Be careful whom you hire to help you with Agile Implementation

As a leader, you need to understand who would be a good coach to help you with your Agile implementation. The German economy is extremely strong and there is more work (in our area) than the number of consultants available here in Germany

This is the perfect scenario for consultants who do not have much knowledge with Agile implementations. There are many old-school project managers who fall into this category. They undergo an Agile certification course and sell themselves as the perfect Agile consultant.

I underwent the SAFE certification training and these type of people I described were in the class together with me. Most of them they do not know anything about Agile, they simply utilize the knowledge they learned many years ago at the Project Management Institute.

What is worrying me is that many companies hire these guys unknowingly, to help them with the Agile transformation just because they have a certificate. But in reality, they don´t have any experience or knowledge in Agile.

Another issue I see often is contracting big consulting companies like Deloitte, McKinsey, Accenture or KPMG for Agile implementations. Although they may be good and credible in many areas, speaking from personal experience, Agile implementation is not one of them.

Typically, the majority of these companies or consultants do not know much about Agile. They apply old methods in your organization and in many cases I’ve seen, give you more problems than before.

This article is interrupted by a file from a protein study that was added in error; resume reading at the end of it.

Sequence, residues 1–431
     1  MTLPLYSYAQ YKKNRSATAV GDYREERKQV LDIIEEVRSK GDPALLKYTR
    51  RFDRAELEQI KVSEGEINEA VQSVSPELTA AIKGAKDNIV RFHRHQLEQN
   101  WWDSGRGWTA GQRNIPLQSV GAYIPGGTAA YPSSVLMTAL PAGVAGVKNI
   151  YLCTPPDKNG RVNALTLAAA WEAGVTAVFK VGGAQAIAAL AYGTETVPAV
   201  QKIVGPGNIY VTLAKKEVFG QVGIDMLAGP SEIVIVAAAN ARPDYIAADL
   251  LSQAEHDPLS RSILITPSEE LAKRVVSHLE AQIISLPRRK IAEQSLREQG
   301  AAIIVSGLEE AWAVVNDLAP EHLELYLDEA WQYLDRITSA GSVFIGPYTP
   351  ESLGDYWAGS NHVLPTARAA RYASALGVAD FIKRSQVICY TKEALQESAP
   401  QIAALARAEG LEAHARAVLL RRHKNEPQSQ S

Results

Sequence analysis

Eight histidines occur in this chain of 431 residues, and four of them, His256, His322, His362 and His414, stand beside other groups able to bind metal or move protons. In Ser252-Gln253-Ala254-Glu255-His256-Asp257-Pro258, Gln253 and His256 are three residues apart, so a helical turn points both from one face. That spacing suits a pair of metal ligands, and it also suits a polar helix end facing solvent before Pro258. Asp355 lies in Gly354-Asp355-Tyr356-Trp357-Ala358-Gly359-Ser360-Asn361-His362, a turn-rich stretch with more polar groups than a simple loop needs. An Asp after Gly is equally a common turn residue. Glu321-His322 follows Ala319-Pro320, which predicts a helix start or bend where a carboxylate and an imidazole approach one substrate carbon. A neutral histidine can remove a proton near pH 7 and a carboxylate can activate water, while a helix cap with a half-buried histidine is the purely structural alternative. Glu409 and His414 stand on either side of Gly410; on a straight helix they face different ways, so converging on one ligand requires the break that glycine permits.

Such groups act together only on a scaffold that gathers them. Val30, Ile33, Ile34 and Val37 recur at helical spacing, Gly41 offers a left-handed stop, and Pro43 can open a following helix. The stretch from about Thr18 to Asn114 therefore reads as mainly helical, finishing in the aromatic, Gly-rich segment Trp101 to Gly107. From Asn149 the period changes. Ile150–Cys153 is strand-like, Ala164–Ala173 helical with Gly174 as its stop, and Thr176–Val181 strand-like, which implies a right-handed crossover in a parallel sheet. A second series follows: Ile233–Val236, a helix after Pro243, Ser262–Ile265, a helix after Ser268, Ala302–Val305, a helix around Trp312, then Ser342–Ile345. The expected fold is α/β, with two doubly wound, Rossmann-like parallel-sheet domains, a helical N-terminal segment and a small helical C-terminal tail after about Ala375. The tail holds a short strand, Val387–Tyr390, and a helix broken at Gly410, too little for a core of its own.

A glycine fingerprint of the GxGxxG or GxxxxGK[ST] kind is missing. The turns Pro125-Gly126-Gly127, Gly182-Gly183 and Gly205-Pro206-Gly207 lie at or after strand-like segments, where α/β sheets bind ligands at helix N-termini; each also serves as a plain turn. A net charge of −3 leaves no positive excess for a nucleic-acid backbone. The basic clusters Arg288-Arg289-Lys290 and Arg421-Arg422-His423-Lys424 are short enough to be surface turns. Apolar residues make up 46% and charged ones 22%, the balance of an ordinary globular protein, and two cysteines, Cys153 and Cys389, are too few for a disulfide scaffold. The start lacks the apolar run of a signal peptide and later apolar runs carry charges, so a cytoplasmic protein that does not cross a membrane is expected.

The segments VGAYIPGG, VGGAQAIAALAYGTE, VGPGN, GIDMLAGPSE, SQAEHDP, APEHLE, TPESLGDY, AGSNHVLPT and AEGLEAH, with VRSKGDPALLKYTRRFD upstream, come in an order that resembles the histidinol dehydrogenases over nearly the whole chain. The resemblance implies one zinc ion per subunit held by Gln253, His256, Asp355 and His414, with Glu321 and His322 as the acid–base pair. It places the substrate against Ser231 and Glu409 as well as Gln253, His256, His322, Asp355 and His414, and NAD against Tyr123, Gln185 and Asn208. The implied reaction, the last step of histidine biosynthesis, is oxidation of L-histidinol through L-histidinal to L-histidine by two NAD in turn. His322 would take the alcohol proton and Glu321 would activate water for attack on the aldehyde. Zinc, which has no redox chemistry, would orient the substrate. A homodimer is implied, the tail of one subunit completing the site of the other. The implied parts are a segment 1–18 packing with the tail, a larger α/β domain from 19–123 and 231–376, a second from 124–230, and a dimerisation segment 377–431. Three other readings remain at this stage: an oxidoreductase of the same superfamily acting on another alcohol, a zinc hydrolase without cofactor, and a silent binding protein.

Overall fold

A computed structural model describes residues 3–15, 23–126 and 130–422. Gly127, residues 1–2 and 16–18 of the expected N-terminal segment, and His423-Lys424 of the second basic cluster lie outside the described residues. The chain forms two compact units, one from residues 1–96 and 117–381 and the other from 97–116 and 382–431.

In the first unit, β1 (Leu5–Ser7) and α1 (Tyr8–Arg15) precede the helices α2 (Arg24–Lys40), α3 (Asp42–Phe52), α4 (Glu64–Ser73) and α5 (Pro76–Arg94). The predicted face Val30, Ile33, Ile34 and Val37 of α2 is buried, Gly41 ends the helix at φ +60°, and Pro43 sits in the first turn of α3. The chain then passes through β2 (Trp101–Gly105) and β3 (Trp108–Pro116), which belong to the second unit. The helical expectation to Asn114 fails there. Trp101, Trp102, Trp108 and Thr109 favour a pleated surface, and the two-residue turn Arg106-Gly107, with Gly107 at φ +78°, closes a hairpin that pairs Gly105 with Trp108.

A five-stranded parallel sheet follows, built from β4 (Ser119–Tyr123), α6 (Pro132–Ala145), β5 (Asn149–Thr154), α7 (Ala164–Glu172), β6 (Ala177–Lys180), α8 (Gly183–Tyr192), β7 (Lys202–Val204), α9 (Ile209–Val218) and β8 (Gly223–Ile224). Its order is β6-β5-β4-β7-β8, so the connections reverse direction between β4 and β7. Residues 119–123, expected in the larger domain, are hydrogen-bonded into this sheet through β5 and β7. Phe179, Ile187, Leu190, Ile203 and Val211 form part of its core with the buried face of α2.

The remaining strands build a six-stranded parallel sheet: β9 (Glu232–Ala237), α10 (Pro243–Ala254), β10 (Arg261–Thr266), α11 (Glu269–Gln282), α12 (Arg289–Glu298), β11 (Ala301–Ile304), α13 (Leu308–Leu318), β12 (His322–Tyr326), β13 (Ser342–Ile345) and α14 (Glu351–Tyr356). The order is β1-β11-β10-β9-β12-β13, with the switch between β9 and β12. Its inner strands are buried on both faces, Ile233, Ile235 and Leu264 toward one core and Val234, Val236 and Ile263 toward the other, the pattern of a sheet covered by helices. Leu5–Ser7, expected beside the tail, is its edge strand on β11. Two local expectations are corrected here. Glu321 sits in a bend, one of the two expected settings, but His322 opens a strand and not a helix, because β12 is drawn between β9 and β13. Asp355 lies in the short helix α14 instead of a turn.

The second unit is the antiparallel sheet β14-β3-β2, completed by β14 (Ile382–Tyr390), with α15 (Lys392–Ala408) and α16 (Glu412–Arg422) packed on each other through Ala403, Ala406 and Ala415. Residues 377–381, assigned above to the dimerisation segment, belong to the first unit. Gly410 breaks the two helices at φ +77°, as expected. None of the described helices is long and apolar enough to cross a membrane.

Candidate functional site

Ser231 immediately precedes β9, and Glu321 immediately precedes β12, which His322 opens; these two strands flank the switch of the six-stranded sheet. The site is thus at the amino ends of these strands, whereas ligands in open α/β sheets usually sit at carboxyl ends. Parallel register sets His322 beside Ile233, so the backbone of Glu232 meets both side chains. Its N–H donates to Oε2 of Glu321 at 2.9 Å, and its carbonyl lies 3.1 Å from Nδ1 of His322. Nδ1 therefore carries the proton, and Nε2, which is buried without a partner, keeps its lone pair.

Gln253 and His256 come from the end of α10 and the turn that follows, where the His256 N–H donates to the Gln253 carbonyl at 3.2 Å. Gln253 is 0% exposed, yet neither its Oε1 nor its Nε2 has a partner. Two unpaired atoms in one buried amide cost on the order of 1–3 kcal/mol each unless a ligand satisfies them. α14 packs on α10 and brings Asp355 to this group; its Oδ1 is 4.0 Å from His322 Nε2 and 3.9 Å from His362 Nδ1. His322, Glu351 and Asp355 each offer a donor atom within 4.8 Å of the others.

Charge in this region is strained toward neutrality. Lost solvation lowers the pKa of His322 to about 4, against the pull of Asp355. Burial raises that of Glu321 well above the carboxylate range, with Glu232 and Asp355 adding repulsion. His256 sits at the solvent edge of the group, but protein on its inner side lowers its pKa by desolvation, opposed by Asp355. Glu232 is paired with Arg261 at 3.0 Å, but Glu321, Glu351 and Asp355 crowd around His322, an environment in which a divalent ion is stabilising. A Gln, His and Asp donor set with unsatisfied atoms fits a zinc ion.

When you’ve decided to implement Agile, be sure to get a trustworthy consultant.

The Leadership team must spend 1 to 2 days in training to understand Agile and its impacts

Many executive managers believe the Agile transformation does not impact their job. This is far from reality – Your leadership style changes drastically and it will not be easy.

It will be difficult for you. But after all if you’re a very successful person, you will understand that your style of leadership has brought you to where you are now. You will also understand that times and society has changed and being able to adapt is what made you successful, not resistant to change.

Society is not the only problem here, I’m sure you’ve heard about the millennial generation. They are a very different breed of humans from the previous generations. They are much harder to lead and they need to be managed in a completely different way.

There are a lot to be understood when you go Agile. Make sure that you choose the right consultant and give them a reasonable amount of time to implement a system which fits your organization. This brings me to my next point.

Train everyone in your organisation with Management 3.o

Jurgen Appelo started a new training program called Management 3.0. Simply put, this program trains managers to manage the company that wants to adopt the Agile process. If you would like to implement the Agile process in your company, be sure to send your managers for this training.

Treat everything as an Experiment

Instead of creating long-term plans, there are two things that you should do. Firstly, establish a culture or mindset in your company where everything done is an experiment.

Innovation comes from mistakes. If you don’t give people the freedom to experiment and make mistakes, it will be harder for you to drive innovation in your company.